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Why David McCallum's Family Calls Him Dr. Death Because Of His NCIS Role

Actor David McCallum has had a longstanding career in television and film. But since 2003, many "NCIS" fans have known the actor as the character Donald 'Ducky' Mallard. Ducky served as the NCIS team's chief medical examiner on the series. And with his tendency to converse with dead bodies while performing autopsies and his close friendship with Leroy Jethro Gibbs (Mark Harmon), the character consistently remained a fan-favorite. While "NCIS" experienced massive changes to its cast over time, Ducky stood as one of the show's constants, at least for a while. However, recently the character has stepped back a bit, trading in his job as a medical examiner to be the NCIS Historian instead.

Still, in whatever capacity he appears on "NCIS," in the future, longtime fans of the series will probably always refer to the character by his nickname Ducky, which has got to earn the top spot for fitting monikers on a procedural drama. After all, who could pass up saying "Ducky" with a name like Donald Mallard? Like the character he portrays, McCallum also earned his own special nickname. His family gave him one because of his work on "NCIS." However, instead of anything wholesome like 'Ducky,' McCallum once revealed that his family calls him Dr. Death.

McCallum's intense NCIS research included tons of notes about death

"NCIS" is a series that aims to ground itself in reality. Admittedly it doesn't always hit that mark, such as when it gives a false impression about how crime scene investigations actually work. But for the most part, the series does take steps in not straying too far in how an NCIS team would operate, thanks partly to the show's use of real-life agents as technical advisors. In addition, some of the show's cast has done extra work by doing their research. And this was definitely the case for David McCallum. While speaking with Buzzy Mag, the actor noted that he's constantly researched the medical terms and procedures his character Ducky would say and perform on "NCIS."

However, since Ducky often deals in the realm of death in the show, McCallum's extensive research has included tons of notes on the grisly subject, the actor continued to say in the interview. And as a result, McCallum's family came up with a unique nickname. "I get accused by my family – they call me Dr. Death now," McCallum said to Buzzy Mag. "I have yards and yards of books on the subject of death. When we started this show, I didn't know anything about pathology, and I didn't know anything about [the real] N.C.I.S. I learned the commitments of excellence that all of those special agents have, and then we brought that to what we all do as a team." While it's earned some teasing from loved ones, McCallum's deep dive into the medical field has been effective, as it's helped Ducky feel authentic in his duties on "NCIS."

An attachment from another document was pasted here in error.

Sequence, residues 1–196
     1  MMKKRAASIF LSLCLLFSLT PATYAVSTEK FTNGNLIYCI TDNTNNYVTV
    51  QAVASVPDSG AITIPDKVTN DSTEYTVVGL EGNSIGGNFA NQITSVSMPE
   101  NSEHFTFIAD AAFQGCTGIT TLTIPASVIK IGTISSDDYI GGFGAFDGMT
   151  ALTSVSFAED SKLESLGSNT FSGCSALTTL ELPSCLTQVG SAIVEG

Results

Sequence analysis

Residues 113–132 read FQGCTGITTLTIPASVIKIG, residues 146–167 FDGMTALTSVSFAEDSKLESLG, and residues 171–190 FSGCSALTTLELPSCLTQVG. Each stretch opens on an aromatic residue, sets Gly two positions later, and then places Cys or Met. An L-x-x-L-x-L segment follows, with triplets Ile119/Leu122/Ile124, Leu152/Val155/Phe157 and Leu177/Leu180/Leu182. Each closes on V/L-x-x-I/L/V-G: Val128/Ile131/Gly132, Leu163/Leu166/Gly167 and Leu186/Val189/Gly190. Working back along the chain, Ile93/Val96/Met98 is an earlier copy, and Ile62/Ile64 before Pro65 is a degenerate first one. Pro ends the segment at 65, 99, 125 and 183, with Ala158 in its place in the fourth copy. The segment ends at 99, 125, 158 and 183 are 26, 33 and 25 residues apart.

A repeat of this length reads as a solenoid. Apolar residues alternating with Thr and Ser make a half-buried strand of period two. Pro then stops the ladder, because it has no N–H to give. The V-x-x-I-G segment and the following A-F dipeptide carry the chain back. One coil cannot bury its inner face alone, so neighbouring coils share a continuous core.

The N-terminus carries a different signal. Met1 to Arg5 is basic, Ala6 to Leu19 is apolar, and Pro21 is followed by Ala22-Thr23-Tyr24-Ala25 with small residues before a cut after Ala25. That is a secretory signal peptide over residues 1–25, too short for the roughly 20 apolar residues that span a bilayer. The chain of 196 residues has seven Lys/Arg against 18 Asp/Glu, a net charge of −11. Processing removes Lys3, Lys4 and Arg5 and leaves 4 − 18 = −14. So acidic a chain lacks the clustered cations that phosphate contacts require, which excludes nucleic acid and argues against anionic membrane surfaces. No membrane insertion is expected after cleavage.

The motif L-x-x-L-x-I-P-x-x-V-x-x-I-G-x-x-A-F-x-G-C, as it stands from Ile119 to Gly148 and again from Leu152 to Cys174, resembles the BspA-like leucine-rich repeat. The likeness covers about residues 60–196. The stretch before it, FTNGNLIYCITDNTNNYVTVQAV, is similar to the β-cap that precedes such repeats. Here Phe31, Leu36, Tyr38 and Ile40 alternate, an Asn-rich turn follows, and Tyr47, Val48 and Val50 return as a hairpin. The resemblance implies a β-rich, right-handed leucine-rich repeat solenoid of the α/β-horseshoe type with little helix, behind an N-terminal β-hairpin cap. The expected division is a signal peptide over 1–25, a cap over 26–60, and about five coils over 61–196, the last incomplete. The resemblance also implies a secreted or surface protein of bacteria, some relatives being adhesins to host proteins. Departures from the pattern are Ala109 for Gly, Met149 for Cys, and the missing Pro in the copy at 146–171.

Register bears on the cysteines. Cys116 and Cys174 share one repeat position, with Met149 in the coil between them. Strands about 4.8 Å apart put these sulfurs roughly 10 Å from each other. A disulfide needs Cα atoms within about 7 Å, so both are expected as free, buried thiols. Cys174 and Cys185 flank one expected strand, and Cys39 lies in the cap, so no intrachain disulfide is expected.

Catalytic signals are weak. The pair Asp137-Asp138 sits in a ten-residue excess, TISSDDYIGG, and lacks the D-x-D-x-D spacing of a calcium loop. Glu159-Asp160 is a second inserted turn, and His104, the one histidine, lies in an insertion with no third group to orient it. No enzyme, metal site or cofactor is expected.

McCallum's penchant for research helped him with his first novel

While speaking to Buzzy Mag, David McCallum noted that he loved researching and learning more about the medical field and NCIS for his role as Ducky. That fact suggests that McCallum has a healthy thirst for knowledge. Fortunately, his general eagerness to learn would serve him well as he tried out another creative endeavor. McCallum wrote his first mystery novel, "Once A Crooked Man," which came out in 2017. The novel centers on an actor named Harry Murphy, who somehow becomes involved in trying to stop a murder from happening.

It's a comedic misadventure, despite the novel involving the dangerous practices of underground criminal families. In a 2016 interview with Shots, McCallum provided some details on his work for the book, which was written and worked on for several years before he ultimately decided to finish it. McCallum also noted in the interview that some of the book's development involved a lot of research. McCallum told Shots, "... I worked with DEA and with the State's Attorney in upstate New York. In fact, I did more research than was necessary, but it was very enjoyable." And now, with "Once A Crooked Man," McCallum can add "published author" to his Dr. Death title.